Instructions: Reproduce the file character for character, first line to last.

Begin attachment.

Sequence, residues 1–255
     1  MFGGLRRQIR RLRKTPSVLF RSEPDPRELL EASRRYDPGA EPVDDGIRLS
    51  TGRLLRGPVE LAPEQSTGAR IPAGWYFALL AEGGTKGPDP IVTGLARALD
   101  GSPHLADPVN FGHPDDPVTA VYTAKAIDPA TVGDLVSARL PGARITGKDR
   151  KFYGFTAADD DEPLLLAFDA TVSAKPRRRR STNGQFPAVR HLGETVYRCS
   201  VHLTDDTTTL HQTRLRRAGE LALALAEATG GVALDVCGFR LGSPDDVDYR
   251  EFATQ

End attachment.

Sequence, residues 1–255
     1  MFGGLRRQIR RLRKTPSVLF RSEPDPRELL EASRRYDPGA EPVDDGIRLS
    51  TGRLLRGPVE LAPEQSTGAR IPAGWYFALL AEGGTKGPDP IVTGLARALD
   101  GSPHLADPVN FGHPDDPVTA VYTAKAIDPA TVGDLVSARL PGARITGKDR
   151  KFYGFTAADD DEPLLLAFDA TVSAKPRRRR STNGQFPAVR HLGETVYRCS
   201  VHLTDDTTTL HQTRLRRAGE LALALAEATG GVALDVCGFR LGSPDDVDYR
   251  EFATQ